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Learning how MTU and MSS work is key to using DDoS Protection as a Service

Learning how MTU and MSS work is key to using DDoS Protection as a Service

Maximum Transmit Unit (MTU) and Maximum Segment Size (MSS) are two important terms you should be familiar with when venturing into the world of networking, especially if you are working with GRE and IPSEC tunnels.

And if you are looking to use DDoS Protection as a service, you will need to know how MTU and TCP-MSS work.

What is ‘Maximum Transmit Unit’ (MTU)?

MTU is the largest packet or frame size, specified in octets (eight-bit bytes), that can be sent in a packet- or frame-based network on a particular data communications link.

The internet’s transmission control protocol (TCP) uses MTU to determine the maximum size of each packet in any transmission. MTU is usually associated with Ethernet where the typical largest frame allowed is 1500 bytes.


One of the most common problems with MTU is that sometimes higher-level protocols may create packets larger than a particular link can support. There are two methods to deal with this problem: try to break the packet into smaller chunks or discard it entirely.

If the Do not Fragment (DF) bit is unchanged from its default setting (0), the router will fragment the packet that is too large to fit in the outgoing interface and send it on to its destination. If the DF bit is set (1) then the router will not have a choice but to discard the packet.

Some applications do not support reassembly of fragmented packets and some firewalls treat it as a security vulnerability. Therefore we should avoid this situation, if possible. The best way to avoid fragmentation is to adjust the maximum segment size, or TCP MSS, so the payload will be adjusted before reaching the data link layer.

Next let’s review a few examples that will illustrate the problem and discuss the solution. The diagram below explains the packet structure

MTU and MSS Image 1

As mentioned, the maximum legal packet size is 1500 bytes

In the figure above you can see the MTU is built from payload (also referred to as data) plus IP and TCP headers , 20 bytes each.This leaves us 1460 bytes for our payload.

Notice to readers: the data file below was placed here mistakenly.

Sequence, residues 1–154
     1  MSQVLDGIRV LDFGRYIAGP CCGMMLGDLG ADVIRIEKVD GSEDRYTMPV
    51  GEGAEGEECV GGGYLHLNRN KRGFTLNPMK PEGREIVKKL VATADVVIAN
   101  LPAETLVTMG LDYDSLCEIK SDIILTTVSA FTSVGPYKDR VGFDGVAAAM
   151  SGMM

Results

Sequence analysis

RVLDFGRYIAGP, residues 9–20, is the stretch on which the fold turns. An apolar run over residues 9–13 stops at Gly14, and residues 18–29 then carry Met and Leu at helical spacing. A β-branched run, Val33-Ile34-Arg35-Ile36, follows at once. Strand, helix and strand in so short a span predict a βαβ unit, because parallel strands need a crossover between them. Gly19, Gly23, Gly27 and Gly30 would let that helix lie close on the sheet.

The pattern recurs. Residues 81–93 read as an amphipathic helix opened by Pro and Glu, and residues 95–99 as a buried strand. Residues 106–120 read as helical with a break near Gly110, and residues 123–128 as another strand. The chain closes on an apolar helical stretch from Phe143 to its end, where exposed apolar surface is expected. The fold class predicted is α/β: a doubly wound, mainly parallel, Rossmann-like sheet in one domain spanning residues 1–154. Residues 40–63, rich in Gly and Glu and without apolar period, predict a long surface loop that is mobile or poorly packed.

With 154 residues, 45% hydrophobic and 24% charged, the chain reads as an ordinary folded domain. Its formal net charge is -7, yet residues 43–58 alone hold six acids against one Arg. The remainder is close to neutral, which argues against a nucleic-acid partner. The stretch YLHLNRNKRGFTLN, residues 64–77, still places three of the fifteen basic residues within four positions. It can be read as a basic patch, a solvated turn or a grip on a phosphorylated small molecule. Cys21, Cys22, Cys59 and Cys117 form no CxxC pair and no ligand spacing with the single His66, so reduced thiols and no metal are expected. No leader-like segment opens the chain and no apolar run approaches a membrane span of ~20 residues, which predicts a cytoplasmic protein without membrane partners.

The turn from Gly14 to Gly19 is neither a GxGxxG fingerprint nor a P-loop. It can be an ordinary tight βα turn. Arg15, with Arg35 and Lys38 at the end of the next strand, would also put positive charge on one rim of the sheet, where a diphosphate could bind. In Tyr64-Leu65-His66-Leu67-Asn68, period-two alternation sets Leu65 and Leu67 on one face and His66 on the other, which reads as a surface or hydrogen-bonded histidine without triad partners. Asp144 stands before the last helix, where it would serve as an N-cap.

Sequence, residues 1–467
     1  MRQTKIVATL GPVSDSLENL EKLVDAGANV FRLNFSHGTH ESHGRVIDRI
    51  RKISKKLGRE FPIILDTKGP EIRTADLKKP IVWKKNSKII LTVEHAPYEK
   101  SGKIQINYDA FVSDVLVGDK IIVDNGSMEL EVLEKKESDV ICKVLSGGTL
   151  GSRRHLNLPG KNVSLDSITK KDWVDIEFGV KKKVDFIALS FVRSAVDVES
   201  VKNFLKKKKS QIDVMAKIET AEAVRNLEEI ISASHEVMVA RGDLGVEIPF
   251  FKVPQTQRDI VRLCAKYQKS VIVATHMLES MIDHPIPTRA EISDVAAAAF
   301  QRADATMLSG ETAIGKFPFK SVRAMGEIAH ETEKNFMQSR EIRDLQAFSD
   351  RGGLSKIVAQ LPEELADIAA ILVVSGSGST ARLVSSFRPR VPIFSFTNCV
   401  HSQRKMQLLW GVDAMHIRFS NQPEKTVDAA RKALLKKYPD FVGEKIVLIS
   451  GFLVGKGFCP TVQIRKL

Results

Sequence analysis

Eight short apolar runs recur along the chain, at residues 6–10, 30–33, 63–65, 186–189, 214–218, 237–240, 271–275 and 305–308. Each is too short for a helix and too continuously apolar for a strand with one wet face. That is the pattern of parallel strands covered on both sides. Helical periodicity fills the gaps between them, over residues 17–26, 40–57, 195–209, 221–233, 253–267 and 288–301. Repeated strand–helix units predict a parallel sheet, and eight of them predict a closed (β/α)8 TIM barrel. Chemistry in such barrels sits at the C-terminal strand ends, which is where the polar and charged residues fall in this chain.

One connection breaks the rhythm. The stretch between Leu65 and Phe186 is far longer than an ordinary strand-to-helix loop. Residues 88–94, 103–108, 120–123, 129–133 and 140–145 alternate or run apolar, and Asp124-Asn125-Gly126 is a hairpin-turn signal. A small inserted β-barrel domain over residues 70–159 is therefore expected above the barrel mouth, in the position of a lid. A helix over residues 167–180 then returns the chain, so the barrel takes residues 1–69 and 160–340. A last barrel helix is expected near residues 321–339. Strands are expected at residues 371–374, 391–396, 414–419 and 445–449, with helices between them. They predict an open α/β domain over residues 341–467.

MTU and MSS Image 2

Now, let’s imagine that we are using the GRE protocol in our network, encapsulating the original packet and adding 24 bytes (Outer IP Header + GRE Header) for the GRE header.

This means that GRE will increase our packet size by an additional 24 bytes making the total packet size 1524 bytes, which exceeds the 1500 bytes MTU value.

Another way of handling the increase in MTU size due to encapsulation and the resulting fragmentation is to utilize the TCP Maximum Segment Size (MSS) parameter. See below:

MTU – (TCP Header + IP Header + GRE Header) = MSS
1500 – (20 + 20 + 24 ) = 1436

What is Maximum Segment Size (MSS)?

MSS is the largest amount of data that a single communication can receive in a single TCP segment. It doesn’t include the TCP header and IP header.

The value will dictate the maximum size of the “data” part of the packet.

MTU – (TCP Header + IP Header) = MSS
1500 – (20 + 20 ) = 1460

1460 is the default size of the MSS

What differentiates MTU and MSS is that if a packet exceeds the MTU (for example 1500) it will be fragmented into small pieces to enable it to be sent on to the destination. However If a packet exceeds the MSS, the packet will be dropped and will not be fragmented

Configuring TCP MSS for DDoS for Networks Protection

For DDoS for Networks protection, we usually use GRE tunnels and therefore we need to address the possibility of fragmentation if we are not adjusting the TCP MSS.

Our solution, which is asymmetric by definition (meaning in-bound traffic via Imperva , outbound traffic via the original ISP) requires us to rewrite the TCP MSS value of SYN packets that are being sent by our protected customer to their end clients.

MTU and MSS Image 3

As you can see in the diagram above, the customer server sends the packet with an MSS value of 1460, but in the router’s interface we will adjust it to 1436 for GRE.

It’s important to understand that this value will affect the size of the traffic coming from the end client toward the customer’s server.

This is the traffic that will go via the tunnel and therefore be encapsulated with 24 bytes of GRE.

The outbound traffic, from the customer’s server toward the end client, goes directly via the original ISP, therefore there is no need to adjust the SYN packets the end user sends.

The diagram above shows how SYN packets in the three-way handshake travel. After the three-way handshake is completed and the connection established, the end user will send packets where the “data” won’t exceed the 1436 bytes size.

In addition the customer’s server will send packets whose “data” won’t exceed the default 1460 bytes.

Do take note that the GRE configuration of the MSS is done on the WAN interface not the tunnel interface because the SYN packets that are sent from the server toward the end user are not going via the GRE tunnel interface, but via the original ISP’s interface.

Recommendation for GRE customers:
TCP-MSS 1436

For the IPsec configuration, the additional header is dependent on the encapsulating security payload (ESP) protocol that has been used. It can be using the Data Encryption Standard (DES) or Triple-DES algorithm with additional Authentication (MD5 or SHA-1) or DMVPN with additional 73 bytes ESP-AES-256 and ESP-SHA-HMAC overhead and there will be variation in header sizes that must be accommodated within the IP packet.

Recommendation for GRE customer with IPSec/VPN traffic:
TCP-MSS 1360:

MTU – (TCP Header + IP Header + GRE Header + ESP Header) = MSS
1500 – (20 + 20+24+73 ) = 1363 = ~1360